What does it take to take a pic? Well, not just any pic, but one that is good enough to publish in a book of landscape photography, where the subject is right, the light is interesting and the setting is appealing. If you are photographing your neck of the woods this is relatively straightforward, as locations are close enough to visit on impulse, or when conditions are right, or simply by going for a walk (or run). This is how it was for my first two books, Chiltern Landscapes and An English Village Idyll as these are the places I spend my outdoor leisure time. I usually take my camera and as well as being alert for landscape shots, I also keep an eye out for plants, insects, birds or any other creature worth a photograph. I’m almost always on the move; on a ramble or a run through the hills, which is hopeless for capturing the amazing images that true wildlife photographers win by sitting for hours in hide tents at times when everyone else is still asleep or else sitting snug on the sofa watching evening TV. They camouflage everything, even their huge, very expensive lenses to minimise disturbance, and when the owl breaks from its barn, they will have everything set up to have a good chance of a dramatic wildlife photograph.
Even when the subject is a static landscape, getting a specific image can be very serendipitous, and many of my best shots have been just that: a chance result of frequent outings to the same location. The light is so transitory that a scene can be good for only a few minutes and then gone, more or less forever, as it will never be the quite the same again. One examples of that was during a recent weekend on the Longleat estate in Wiltshire. The weather was mostly foggy, but Longleat is somewhat elevated so appeared out of the fog intermittently and unpredictably. I was therefore delighted to awake on a bright sunny Sunday morning and got up immediately to see how the World looked through my camera lens. I walked the short distance to the south gate of Longleat Park where a long straight avenue leads directly to the big house, which sat shining in the distance over green lawns and bracketed by lovely autumnal trees. As I walked towards it, the blue sky behind the house became obscured with mist and the building began to look ephemeral: it was very beautiful so I took a couple of shots, one of which is below. Five minutes later, the house was hidden behind a wall of mist and the light was turning grey. The moment had gone, never to return.
There are a number of images in my books that turned out to be unrepeatable, either because the conditions were unique or there have been changes at the site. In Chiltern Landscapes, there is an image of the beech woods at Whiteleaf laden with golden leaves shining in the sun: it’s one of my favourites, and one that people tend to buy to put on their walls. I took that photo in 2010 and have been up there every autumn since but never seen it look the same, or as good.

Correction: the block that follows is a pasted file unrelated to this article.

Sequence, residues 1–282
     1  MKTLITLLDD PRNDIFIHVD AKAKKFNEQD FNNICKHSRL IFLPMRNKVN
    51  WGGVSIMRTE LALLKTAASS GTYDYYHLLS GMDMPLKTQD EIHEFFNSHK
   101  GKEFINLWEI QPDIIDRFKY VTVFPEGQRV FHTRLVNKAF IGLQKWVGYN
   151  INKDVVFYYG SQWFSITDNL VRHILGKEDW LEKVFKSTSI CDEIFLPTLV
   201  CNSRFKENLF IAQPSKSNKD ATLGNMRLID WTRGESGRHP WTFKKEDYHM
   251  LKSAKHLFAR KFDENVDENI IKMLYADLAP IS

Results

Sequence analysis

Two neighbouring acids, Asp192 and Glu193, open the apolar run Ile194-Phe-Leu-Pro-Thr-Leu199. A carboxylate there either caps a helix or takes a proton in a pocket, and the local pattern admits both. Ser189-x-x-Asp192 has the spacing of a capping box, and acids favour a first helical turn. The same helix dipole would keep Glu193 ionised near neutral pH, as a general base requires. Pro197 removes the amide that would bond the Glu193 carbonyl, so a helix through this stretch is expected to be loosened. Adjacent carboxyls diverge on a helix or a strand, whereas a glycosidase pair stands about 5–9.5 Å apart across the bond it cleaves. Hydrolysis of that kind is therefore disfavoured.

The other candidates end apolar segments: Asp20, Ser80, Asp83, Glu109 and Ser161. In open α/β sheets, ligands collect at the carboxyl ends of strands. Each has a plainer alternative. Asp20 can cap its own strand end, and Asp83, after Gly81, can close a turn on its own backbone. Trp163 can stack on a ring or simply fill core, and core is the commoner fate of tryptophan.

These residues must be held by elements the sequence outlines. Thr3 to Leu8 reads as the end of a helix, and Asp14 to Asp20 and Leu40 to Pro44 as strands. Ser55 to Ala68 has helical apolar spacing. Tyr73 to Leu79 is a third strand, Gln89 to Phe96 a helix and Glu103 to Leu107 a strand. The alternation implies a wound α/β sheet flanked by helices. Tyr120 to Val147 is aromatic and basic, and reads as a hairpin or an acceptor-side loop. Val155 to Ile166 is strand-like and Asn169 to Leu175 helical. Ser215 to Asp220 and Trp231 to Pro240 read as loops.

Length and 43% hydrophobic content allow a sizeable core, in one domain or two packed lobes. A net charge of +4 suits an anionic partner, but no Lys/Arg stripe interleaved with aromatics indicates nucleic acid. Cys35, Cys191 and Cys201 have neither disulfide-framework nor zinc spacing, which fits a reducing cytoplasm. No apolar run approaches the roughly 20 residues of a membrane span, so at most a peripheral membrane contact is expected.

So you have to get out there, and you have to grab the moment. I’ve also learned that it’s good to take several shots as insurance, checking and modifying each time; this was expensive in the days of film cameras but in the digital age its free and avoids you having to kick yourself when you get home and discover that the image isn’t quite right.
I am planning to do a series of blogs that tell stories about how I got some of the images for my books: the anti-social hours, the illusive English sunshine, the desperation to get the shot, the people who helped. This idea came to me when someone asked about one of the images in Norfolk Landscapes, and realised that the story was worth telling. I’ll also build in some information and advice about places to see, eat and stay. So I hope you find this appealing, and will look out for the next episode of What it takes to take a pic.
Longleat Park is in Wiltshire, near Frome, and as well as the park and lovely house, there is a lot to do there, including the famous wildlife park. Its web site is http://www.longleat.co.uk/
We stayed at the Bath Arms at Horningsham, which is owned by Longleat Estates (http://www.batharms.co.uk/) We had a good time there, but it is quirky and reviews are very mixed – you see mine and others on Tripadvisor.com.
Horningsham is a pretty place, spread out around a valley on the south side of the park.
The Golden Forest is in the Chiltern Hills at Whiteleaf. It’s wonderful Chiltern countryside, with great views south and west, a local nature reserve (managed by The Chiltern Society, http://chilternsociety.org.uk/) and you can walk forever along forest paths. It gets muddy though!